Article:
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Christine Metz Howard
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Researcher exploring how to best use music to help premature infants develop

Tue, 04/29/2014

LAWRENCE – Neonatal intensive care units are armed with ventilators and incubators to support a premature baby’s early arrival into the world. But one University of Kansas researcher believes music can serve as another tool to aid in the infant’s still developing neurological system.

Deanna Hanson-Abromeit, an assistant professor of music therapy and music education, is working to provide more theory-based research on how music can help premature babies manage external stimuli, such as noise and human interactions.

Since the 1970s, nurses have used music in neonatal intensive care units to help premature babies continue to develop. But over the past 40 years, research on the effectiveness of music therapy and premature infants has been mixed.

That’s largely because the previous studies have had too many variables in the population sample, the methods of intervention and the measure of effectiveness, Hanson-Abromeit said.

“While studies have shown benefits, they have been limited in size, and we have been limited by access to funding,” she said.

Music isn’t being used for enrichment but to create a multisensory tool that triggers the senses of hearing, feeling, balance and movement. Premature infants haven’t been exposed to all the sensory stimuli that full-term babies experience during the final months of the fetal development process.

As a result, premature infants have trouble interacting with outside stimuli, such as turning toward a person who is speaking and expressing emotion. Music can support development outcomes such as self-regulation, feeding and transitions from the sleep to wake cycle.

Research is still needed on how the complexity of music affects the infant, Hanson-Abromeit said. While studies have looked at the effectiveness of music therapy, few have compared the kind of music being used. For example, how do premature babies react to recorded music versus a person humming?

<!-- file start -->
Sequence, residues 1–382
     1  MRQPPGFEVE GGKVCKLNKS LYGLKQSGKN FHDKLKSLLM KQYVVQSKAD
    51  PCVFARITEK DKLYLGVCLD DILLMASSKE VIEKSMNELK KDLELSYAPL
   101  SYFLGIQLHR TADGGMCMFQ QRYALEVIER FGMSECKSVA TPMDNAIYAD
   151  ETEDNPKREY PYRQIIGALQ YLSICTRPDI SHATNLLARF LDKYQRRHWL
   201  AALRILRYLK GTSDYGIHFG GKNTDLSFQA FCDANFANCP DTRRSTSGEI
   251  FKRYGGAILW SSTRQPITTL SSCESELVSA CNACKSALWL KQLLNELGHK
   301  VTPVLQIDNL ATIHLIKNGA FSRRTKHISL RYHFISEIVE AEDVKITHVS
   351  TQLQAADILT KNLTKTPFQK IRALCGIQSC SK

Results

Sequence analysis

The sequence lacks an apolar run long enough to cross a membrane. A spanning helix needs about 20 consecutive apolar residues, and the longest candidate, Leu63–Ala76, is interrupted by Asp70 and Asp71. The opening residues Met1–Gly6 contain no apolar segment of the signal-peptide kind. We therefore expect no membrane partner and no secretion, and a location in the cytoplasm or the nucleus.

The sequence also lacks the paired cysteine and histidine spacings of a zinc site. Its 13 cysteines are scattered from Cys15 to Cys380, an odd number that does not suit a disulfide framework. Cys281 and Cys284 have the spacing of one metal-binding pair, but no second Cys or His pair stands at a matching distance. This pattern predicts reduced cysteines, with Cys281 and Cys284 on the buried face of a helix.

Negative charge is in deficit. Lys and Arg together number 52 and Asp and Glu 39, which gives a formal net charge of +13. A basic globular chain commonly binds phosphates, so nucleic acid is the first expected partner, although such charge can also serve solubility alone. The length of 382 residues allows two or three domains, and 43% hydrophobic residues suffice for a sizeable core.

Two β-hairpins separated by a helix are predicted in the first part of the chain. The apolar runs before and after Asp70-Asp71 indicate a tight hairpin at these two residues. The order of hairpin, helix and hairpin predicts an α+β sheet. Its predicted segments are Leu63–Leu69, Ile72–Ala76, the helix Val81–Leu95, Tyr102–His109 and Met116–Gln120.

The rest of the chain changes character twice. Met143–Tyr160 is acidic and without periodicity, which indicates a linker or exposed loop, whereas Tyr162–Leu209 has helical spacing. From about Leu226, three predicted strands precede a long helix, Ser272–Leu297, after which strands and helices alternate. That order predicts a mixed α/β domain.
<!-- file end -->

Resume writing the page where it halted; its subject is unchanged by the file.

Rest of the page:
“We have to be very careful about the complexity of the music and introduce characteristics of the music, such as timbre, contour and even tempo, in a way for them to process,” Hanson-Abromeit said.

Anecdotally, as a therapist, she has seen success with music therapy.

“I have respiratory therapists ask if they can chain me to the bedside, because when I’m there humming and singing, the baby doesn’t need as much oxygen,” she said.

But those kind of improvements don’t last long after the music stops. And, Hanson-Abromeit wants to know why.

This summer, Hanson-Abromeit is part of a team organizing what is believed to be the first transdisciplinary meeting for integrating music therapy into premature infant care.

Known as the Music and Neuro-Developmentally At-Risk Infant (MANDARI) Project, the conference will bring together those in psychology, medicine, public health and music with the long-term goal of creating sustainable research for music therapy geared toward neurodevelopment of at-risk newborns.

The hope is for those from different disciplines to form groups and embark on new research together. The conference will use an arts-based approach to the collaboration process.



With graduation just a few months away, James Robert Wilson, senior in sport management, took this photo of the Memorial Campanile while looking forward to KU commencement traditions. After walking through the campanile and down the Hill in May, Wilson plans to take a summer road trip, then pursue a master’s degree and help coach track and field. Wilson, who is from Abilene, Kansas, says, "Coming to KU has put me in contact with people from all over the world and opened my eyes to many new cultures.” His advice to all Jayhawks: "Make the most of your time here by trying new things.” Our advice to graduating Jayhawks: Enjoy your last semester. Where will your time at KU take you? Tags: #exploreKU #Graduation University of Kansas School of Education

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KU welcomes President Obama Jan. 22, 2015, was a historic day on the Hill: President Barack Obama visited the University of Kansas campus (http://bit.ly/POTUSatKU), the first sitting president to do so in a century. More than 7,000 people — including many students and faculty who had spent hours in line to get tickets for the event — packed inside KU’s Anschutz Sports Pavilion to hear the president speak. Welcomed by Chancellor Bernadette Gray-Little with “Barack Chalk, Jayhawk!” Obama told the gathering “I’m a Kansas guy,” because his mother was from Wichita and grandparents were from Augusta and El Dorado. In his 35-minute talk, the president discussed themes (see official White House transcript http://1.usa.gov/1yMWJqy) from his 2015 State of the Union address, including his goal to lower the cost of attending college.


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